A major pioneer in the field of precision medicine, Dr. Brian Druker will speak at the Thursday night dinner at the 2019 ARCS All Members Conference (AMC). Dr. Druker is an internationally-recognized catalyst in the field of targeted therapeutic cancer treatment and, more specifically, for the treatment of chronic myeloid leukemia (CML).
Dr. Druker was the 2019 recipient of the Sjöberg Prize in Stockholm, Sweden, at the Royal Swedish Academy of Sciences annual meeting. The $1 million award recognizes individuals or research groups that have made significant contributions to cancer research. Dr. Druker shares the award with Dr. Dennis Slamon of the University of California Los Angeles Jonsson Comprehensive Cancer Center for their work in CML and breast cancer, respectively.
In the 1960’s, low survival rates and grueling treatment therapies were the standard scenario for CML patients, often only able to offer a one or two-year extension to a patient’s life. Later, in the 1970’s, researchers discovered CML was caused by an abnormally short chromosome, the Philadelphia chromosome, that was a genetic mutation.
Dr. Druker began his CML research in the 1990’s, setting out to find a drug that would target the Philadelphia chromosome but leave healthy cells unharmed. This was a stark contrast to most chemotherapy treatments at the time, which poisoned every cell in the body in hopes of attacking the one cancer-causing mutation.
Remarkably, Dr. Druker and his research team discovered Imatinib, marketed under the brand name Gleevec®, that killed the Philadelphia mutation. The revolutionary drug gave new hope to CML patients by improving their life expectancy to a 95 percent five-year survival rate.
The US Food and Drug Administration approved Gleevec in record time, initiating a shift in cancer treatment worldwide. Instead of non-specific chemotherapy, researchers began testing highly targeted therapeutic agents. This discovery became the new proof of principle for cancer treatment and resulted in the development of more than 50 similar precision therapies.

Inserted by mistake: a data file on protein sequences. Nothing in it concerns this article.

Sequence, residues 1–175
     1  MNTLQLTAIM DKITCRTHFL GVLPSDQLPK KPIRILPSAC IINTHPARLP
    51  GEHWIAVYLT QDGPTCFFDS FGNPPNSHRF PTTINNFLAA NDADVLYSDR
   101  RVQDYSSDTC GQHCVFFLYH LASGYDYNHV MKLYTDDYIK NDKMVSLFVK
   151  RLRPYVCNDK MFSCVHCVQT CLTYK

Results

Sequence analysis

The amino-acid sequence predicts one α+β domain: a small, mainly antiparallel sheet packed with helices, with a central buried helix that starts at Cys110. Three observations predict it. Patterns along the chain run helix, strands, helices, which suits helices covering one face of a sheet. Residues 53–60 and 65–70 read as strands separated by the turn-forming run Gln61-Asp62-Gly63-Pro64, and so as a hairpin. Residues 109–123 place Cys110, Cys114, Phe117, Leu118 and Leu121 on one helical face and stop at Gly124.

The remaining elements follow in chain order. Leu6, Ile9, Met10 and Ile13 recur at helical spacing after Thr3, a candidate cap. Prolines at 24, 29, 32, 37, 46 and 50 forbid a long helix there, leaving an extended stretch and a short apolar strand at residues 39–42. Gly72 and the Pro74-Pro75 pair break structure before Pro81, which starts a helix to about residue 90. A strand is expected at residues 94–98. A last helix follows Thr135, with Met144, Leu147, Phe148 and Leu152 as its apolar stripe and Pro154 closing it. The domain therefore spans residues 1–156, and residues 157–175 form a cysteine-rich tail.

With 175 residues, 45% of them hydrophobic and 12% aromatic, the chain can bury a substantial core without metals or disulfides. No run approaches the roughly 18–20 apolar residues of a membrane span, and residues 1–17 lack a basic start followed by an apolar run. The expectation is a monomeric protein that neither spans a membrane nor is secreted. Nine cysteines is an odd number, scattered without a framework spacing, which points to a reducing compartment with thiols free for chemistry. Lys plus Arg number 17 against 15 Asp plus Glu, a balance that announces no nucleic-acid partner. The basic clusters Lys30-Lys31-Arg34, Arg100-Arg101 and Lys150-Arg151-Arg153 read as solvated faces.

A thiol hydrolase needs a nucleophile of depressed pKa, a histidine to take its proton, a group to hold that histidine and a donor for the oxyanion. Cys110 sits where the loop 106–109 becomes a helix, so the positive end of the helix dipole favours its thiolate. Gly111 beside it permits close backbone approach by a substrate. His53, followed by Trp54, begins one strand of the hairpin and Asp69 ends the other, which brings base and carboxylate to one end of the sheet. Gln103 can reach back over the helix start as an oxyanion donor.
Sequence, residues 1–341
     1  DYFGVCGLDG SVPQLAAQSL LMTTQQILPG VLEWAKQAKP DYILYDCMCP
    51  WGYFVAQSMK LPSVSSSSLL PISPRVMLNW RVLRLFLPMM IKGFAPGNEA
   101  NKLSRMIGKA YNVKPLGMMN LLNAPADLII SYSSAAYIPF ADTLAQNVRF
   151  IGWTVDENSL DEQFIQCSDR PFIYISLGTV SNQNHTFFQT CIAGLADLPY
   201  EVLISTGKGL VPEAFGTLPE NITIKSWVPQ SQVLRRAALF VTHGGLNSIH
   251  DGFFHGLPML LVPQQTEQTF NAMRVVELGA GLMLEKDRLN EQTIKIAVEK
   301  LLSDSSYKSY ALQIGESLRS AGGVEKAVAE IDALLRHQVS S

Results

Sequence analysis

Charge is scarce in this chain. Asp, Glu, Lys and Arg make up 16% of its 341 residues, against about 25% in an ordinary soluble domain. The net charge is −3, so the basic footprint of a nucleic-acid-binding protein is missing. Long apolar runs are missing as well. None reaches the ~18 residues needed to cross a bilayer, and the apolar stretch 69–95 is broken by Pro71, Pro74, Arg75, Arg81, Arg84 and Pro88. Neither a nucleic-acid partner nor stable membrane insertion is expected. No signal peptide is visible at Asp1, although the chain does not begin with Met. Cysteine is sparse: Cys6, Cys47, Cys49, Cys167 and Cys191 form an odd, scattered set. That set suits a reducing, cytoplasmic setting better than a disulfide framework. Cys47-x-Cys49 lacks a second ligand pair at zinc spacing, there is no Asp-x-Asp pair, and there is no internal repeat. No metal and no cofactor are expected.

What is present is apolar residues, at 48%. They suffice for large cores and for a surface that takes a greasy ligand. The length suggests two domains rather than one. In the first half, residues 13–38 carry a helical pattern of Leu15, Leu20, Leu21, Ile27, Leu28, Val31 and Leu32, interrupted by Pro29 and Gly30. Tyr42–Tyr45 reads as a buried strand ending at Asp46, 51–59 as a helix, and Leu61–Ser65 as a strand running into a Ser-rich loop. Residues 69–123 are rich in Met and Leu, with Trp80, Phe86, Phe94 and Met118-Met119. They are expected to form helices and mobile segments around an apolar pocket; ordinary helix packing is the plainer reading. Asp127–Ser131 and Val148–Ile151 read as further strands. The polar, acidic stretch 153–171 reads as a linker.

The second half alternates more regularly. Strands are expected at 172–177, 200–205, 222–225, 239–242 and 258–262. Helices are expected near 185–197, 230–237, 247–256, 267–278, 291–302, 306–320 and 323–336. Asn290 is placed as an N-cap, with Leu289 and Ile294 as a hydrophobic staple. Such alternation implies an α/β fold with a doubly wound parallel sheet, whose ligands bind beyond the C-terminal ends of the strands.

Dr. Druker is the director of the Knight Cancer Institute at Oregon Health and Science University (OHSU), associate dean for oncology at OHSU, JELD-WEN Chair of Leukemia Research, and a Howard Hughes Medical Institute Investigator. He is a member of the National Academy of Medicine, the National Academy of Sciences, and the American Academy of Arts and Sciences. Dr. Druker has been recognized with numerous awards, including the 2012 Japan Prize in Healthcare and Medical Technology and the 2009 Lasker-Debakey Clinical Medical Research Award.
"Dr. Druker is an inspirational leader in the fight to find causes of cancers and to have targeted and specific treatments for persons fighting the disease," said Julie Branford, Co-President of ARCS Oregon Chapter. "He maintains this high level of achievement, receiving international acclaim for his work, while also maintaining a very gentle and unassuming personal manner; a rare combination."
Dinner will be held at the Oregon Museum of Science and Industry. It will be a night of fellowship and discovery as ARCS members hear from Dr. Druker about cutting-edge practices in the world of cancer treatment and impacts these could have on generations to come.
As a reminder, the AMC will be held September 18-21 in Portland, Oregon. For more information click here.